FacebookTwitterRedditEmail

Taken for a Ride on the Interstate Highway System

The 50th anniversary of President Eisenhower’s signing of the Interstate Highway Act is a good time to dust off this review of the PBS documentary, “Taken for a Ride” that I wrote 10 years ago when President Clinton visited my city during the 1996 presidential campaign.

Riding a “Presidential Special” from Columbus to Toledo on tracks that no longer carry passenger trains, Clinton crowed, “I’m goin’ to Chicago (for the Democratic Party convention) and I’m goin’ on a train!”

I wanted to ask him why the rest of us could no longer travel to our state capital by train; why we are the only industrialized nation on earth that refuses to subsidize its passenger rail system? And I asked a question that makes me sick to my stomach to read 10 years later: “How many more billions of dollars and how many more lives will we pay for Mideast oil.?”

Of course I never got to ask him those questions in person, but luckily, two fellow Ohioans, Dayton-area independent filmmakers, Jim Klein and Martha Olson, replied with their film, “Taken for a Ride.”

Their documentary tells the dramatic story of how America’s passenger trains and streetcars were systematically and deliberately killed by what we now call the “highway lobby.” What makes their film so important is that it goes beyond vague conspiracy theories to name names.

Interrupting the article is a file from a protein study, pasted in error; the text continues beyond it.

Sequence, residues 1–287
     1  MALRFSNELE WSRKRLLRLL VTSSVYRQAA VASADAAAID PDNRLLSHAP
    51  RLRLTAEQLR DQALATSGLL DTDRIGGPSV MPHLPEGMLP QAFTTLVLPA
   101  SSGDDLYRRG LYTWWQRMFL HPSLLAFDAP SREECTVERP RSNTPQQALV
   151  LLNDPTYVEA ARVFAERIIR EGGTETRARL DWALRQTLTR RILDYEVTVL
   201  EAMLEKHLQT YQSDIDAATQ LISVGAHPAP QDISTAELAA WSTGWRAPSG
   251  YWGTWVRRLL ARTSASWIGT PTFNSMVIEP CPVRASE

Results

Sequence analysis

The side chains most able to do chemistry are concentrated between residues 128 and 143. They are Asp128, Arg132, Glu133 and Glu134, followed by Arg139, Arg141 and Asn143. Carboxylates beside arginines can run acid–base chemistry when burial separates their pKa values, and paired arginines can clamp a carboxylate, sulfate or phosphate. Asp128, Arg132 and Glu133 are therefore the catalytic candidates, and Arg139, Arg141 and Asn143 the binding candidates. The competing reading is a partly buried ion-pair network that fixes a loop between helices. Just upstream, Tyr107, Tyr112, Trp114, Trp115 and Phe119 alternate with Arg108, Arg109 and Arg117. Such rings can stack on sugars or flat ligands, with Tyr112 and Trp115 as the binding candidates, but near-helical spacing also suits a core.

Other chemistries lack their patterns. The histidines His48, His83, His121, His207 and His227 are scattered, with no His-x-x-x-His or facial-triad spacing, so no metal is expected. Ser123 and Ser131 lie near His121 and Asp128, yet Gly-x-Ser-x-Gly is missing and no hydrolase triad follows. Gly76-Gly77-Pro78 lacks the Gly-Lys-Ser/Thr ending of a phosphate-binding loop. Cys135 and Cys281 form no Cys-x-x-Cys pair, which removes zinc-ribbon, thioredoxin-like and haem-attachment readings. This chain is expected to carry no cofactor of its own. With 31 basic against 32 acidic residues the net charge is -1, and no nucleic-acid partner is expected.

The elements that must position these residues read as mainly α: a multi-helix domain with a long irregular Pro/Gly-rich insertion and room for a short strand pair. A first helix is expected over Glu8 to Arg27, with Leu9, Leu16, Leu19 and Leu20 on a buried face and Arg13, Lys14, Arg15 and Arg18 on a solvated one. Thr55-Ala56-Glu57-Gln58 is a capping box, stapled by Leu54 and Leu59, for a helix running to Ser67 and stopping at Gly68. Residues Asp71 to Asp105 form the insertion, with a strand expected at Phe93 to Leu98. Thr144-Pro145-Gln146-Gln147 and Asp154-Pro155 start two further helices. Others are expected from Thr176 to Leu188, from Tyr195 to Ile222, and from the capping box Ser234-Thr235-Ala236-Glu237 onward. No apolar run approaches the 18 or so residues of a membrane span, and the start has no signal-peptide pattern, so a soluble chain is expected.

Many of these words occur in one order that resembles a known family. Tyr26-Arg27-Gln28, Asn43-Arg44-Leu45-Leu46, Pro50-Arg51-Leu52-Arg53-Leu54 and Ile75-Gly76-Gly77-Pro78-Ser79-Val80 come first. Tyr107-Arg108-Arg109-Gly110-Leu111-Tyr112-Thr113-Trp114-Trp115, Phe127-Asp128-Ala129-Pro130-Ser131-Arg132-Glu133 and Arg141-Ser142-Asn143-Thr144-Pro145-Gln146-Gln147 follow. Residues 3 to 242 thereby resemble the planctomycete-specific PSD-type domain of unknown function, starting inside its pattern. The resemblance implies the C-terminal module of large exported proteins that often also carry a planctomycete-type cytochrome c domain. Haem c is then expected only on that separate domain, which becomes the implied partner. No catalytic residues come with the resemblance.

Klein and Olson weave General Motors promotional films, Congressional archives, interviews with citizen activists, and Department of Justice memos into a compelling pattern of events that make it clear: we didn’t get into the traffic jam we’re in today by accident.

For example, “Ride” explains, the oft-scorned highway lobby was not born of fuzzy environmentalist folklore. The “most powerful pressure group in Washington,” began in June, 1932, when GM President, Alfred P. Sloan, created the National Highway Users Conference, inviting oil and rubber firms to help GM bankroll a propaganda and lobbying effort that continues to this day.

Sloan, unhappy with a transportation system in which the majority of people rode streetcars and trains, not automobiles, bought out Omnibus Corp., the nation’s largest bus operating company, and Yellow Coach, the largest bus manufacturer. With these, he began a campaign to “modernize” New York City’s railways with buses.

With New York as an example, GM formed National City Lines in 1936 and the assault on mass transit across America began with a vengeance.

Within ten years, NCL controlled transit systems in over 80 cities. GM denied any control of NCL, but the bus line’s Director of Operations came from Yellow Coach, and board members came from Greyhound, a company founded by GM. Later, Standard Oil of California, Mack Truck, Phillips Petroleum, and Firestone joined GM’s support of NCL.

If you’ve inched through traffic on a city bus or followed one for any distance, you know why people abandoned NCL’s buses for cars whenever they could. It doesn’t take a rabid conspiracy nut to see the subsequent benefit to GM, Firestone, and Standard Oil.